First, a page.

Artists often relate to colors with a special intensity, but Tokyo’s Tatz Miki has dedicated his life and passion to a single hue — indigo.
Though surrounded by the ubiquitous and deeply symbolic shade since childhood, it wasn’t until he saw traditional indigo dyeing in Tokushima Prefecture that it truly captured his interest — and heart.
Awestruck by the way a swath of fabric pulled from the vat of fermenting indigo leaves magically transformed itself from a grassy greenish tint to a brilliant blue as it oxidized in the air, he realized it was the perfect medium for connecting his heritage and his artistic passion.
He began experimenting with fermenting natural indigo in his spare time, dyeing various fabrics, ingredients and dipping methods to create a uniquely vibrant and lively luster.
The Tatz Miki signature collection of eight scarves in ranging shades of indigo called <LES BLEUS> has been featured at exhibitions around the world, including major installations in Tokyo, Paris, Milan and New York. We spoke with him about his work on a recent trip to his atelier.
Q: When we first saw your scarves, we were hard at work on our own INDIGO collection, and knew we wanted to bring them to our TATCHA friends. Why have you remained intrigued by indigo after all these years?
A: It’s not a simple color for one thing; it is a mixture of red and blue. I’m inspired by the fact that I’m working with a living creature, and that my main job is to help grow the fermentation process. When the dye is more strongly fermented, the color appears more strongly.
Q: What is your secret recipe? What makes your scarves look so different from other naturally dyed fabrics?
A: Over time my technique has become more organic, simple and natural. I use a traditional method called aidate, a natural fermentation similar to what is used to make cheese, wine, Champagne, sake and many other many fermented foods. The depth of the color is determined by the number of times the fabric is dipped in the dye. The darkest scarves are dipped over 80 times and even have UV protection due to the type of tadeai (fresh indigo leaves) and quality of sukumo (the fermented leaves) and how the fermentation process progresses. Therefore, each color differs. Just like wine, each year, the results are different even when using leaves from the same producer. This means each piece is truly one of a kind.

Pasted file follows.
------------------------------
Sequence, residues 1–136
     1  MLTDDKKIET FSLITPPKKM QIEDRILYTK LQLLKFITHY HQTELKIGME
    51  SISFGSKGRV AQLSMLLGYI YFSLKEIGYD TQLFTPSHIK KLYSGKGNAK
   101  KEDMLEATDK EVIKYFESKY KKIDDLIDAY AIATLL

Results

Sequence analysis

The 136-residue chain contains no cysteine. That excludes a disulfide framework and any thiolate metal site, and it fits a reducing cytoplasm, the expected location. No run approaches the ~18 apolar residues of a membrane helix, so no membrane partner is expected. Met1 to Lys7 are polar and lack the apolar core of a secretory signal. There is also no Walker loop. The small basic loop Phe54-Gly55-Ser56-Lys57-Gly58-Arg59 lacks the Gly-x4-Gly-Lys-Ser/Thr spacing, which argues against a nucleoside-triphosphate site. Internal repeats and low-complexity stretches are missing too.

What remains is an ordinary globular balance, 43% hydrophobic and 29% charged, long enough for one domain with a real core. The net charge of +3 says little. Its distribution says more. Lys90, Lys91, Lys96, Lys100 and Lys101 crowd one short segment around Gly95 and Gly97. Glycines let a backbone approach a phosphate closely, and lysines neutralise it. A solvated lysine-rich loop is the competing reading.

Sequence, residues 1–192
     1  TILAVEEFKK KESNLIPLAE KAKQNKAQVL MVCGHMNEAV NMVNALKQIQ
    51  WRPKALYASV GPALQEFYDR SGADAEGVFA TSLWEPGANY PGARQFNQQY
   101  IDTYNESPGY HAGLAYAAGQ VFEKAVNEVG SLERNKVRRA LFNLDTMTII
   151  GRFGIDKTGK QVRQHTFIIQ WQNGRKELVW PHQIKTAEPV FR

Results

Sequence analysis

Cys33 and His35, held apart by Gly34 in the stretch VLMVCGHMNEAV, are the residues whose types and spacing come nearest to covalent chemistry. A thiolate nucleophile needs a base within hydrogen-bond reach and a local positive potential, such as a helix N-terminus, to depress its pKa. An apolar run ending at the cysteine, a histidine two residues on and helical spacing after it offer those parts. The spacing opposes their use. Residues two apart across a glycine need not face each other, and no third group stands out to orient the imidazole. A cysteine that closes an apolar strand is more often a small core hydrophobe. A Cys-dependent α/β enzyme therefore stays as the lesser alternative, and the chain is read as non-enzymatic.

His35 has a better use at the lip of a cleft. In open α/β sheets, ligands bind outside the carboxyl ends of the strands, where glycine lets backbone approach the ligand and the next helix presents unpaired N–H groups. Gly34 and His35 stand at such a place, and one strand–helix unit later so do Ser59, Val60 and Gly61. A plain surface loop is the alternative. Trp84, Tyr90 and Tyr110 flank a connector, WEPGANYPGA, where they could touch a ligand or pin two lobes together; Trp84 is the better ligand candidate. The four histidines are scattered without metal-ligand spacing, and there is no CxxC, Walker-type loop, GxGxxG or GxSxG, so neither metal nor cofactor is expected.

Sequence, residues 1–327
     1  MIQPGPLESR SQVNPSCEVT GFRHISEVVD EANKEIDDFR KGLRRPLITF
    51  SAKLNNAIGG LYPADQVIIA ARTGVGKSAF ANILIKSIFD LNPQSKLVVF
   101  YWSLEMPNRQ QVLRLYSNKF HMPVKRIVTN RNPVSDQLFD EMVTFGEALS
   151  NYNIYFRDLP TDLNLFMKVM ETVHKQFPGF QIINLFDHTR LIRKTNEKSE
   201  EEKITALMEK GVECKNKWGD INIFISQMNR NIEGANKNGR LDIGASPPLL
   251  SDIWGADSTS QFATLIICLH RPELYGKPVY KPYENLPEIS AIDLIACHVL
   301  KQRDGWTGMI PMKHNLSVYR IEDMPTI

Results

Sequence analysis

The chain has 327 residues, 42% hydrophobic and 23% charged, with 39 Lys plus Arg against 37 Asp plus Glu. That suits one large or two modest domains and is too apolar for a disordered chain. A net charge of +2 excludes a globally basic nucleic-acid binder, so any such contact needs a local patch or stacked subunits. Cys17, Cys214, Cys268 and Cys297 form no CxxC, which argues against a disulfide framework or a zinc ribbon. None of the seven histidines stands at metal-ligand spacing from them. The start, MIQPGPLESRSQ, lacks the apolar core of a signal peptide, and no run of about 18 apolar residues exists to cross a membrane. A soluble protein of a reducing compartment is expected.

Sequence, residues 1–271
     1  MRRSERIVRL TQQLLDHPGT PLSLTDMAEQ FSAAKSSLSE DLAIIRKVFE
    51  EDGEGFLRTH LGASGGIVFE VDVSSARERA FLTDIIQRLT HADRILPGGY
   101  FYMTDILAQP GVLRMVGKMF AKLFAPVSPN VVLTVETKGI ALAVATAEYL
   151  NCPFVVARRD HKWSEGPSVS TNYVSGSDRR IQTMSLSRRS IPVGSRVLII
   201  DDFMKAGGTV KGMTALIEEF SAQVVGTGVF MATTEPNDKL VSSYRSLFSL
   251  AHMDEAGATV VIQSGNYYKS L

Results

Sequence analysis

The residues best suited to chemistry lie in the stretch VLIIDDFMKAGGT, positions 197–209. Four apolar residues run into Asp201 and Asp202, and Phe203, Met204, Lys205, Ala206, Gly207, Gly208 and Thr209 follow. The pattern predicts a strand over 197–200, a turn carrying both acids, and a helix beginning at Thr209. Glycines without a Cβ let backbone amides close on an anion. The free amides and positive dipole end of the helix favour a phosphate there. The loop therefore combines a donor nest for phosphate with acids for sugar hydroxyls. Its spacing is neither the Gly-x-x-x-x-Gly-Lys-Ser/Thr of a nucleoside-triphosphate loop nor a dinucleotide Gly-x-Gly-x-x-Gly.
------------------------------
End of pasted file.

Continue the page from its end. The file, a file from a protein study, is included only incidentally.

Q: Why do you create only scarves, not dresses or other types of clothing or housewares?
A: Clothes always start with a square of fabric, and then to make the clothing you must cut it into pieces. But I see the making of clothing as the making of the fabric — the threads and weaving that can take thousands of hours to make. It’s most valuable in its most primal, pristine, perfect state — and therefore more luxurious. When I go to the Himalayas to pick up the raw silk that I use for the scarves, I see the mountain people creating the yarn with their hands, and when you make cloth with your hands you see the time and caring that went into it, so I don't really want to cut it. I also want to highlight, not the style, but the color. In Japan they don’t really see natural indigo any more and I want to show people the charm and the sheen, because that’s the truth of indigo.